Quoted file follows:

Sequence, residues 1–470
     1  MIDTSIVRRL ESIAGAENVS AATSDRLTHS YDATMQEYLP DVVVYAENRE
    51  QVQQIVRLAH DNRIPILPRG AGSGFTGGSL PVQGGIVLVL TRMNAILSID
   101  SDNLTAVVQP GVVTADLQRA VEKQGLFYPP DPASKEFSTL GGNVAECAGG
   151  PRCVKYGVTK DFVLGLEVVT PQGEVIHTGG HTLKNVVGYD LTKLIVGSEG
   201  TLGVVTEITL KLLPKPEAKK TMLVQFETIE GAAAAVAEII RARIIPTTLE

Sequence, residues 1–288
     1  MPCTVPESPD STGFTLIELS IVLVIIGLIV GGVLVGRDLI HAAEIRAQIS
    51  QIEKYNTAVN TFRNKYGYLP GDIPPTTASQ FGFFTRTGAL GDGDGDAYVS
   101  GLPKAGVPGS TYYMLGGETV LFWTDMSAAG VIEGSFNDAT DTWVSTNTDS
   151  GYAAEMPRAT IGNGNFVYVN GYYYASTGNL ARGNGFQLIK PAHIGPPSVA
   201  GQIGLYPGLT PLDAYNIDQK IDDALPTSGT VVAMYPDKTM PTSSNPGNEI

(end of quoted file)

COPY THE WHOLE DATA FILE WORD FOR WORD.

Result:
Sequence, residues 1–470
     1  MIDTSIVRRL ESIAGAENVS AATSDRLTHS YDATMQEYLP DVVVYAENRE
    51  QVQQIVRLAH DNRIPILPRG AGSGFTGGSL PVQGGIVLVL TRMNAILSID
   101  SDNLTAVVQP GVVTADLQRA VEKQGLFYPP DPASKEFSTL GGNVAECAGG
   151  PRCVKYGVTK DFVLGLEVVT PQGEVIHTGG HTLKNVVGYD LTKLIVGSEG
   201  TLGVVTEITL KLLPKPEAKK TMLVQFETIE GAAAAVAEII RARIIPTTLE

Sequence, residues 1–288
     1  MPCTVPESPD STGFTLIELS IVLVIIGLIV GGVLVGRDLI HAAEIRAQIS
    51  QIEKYNTAVN TFRNKYGYLP GDIPPTTASQ FGFFTRTGAL GDGDGDAYVS
   101  GLPKAGVPGS TYYMLGGETV LFWTDMSAAG VIEGSFNDAT DTWVSTNTDS
   151  GYAAEMPRAT IGNGNFVYVN GYYYASTGNL ARGNGFQLIK PAHIGPPSVA
   201  GQIGLYPGLT PLDAYNIDQK IDDALPTSGT VVAMYPDKTM PTSSNPGNEI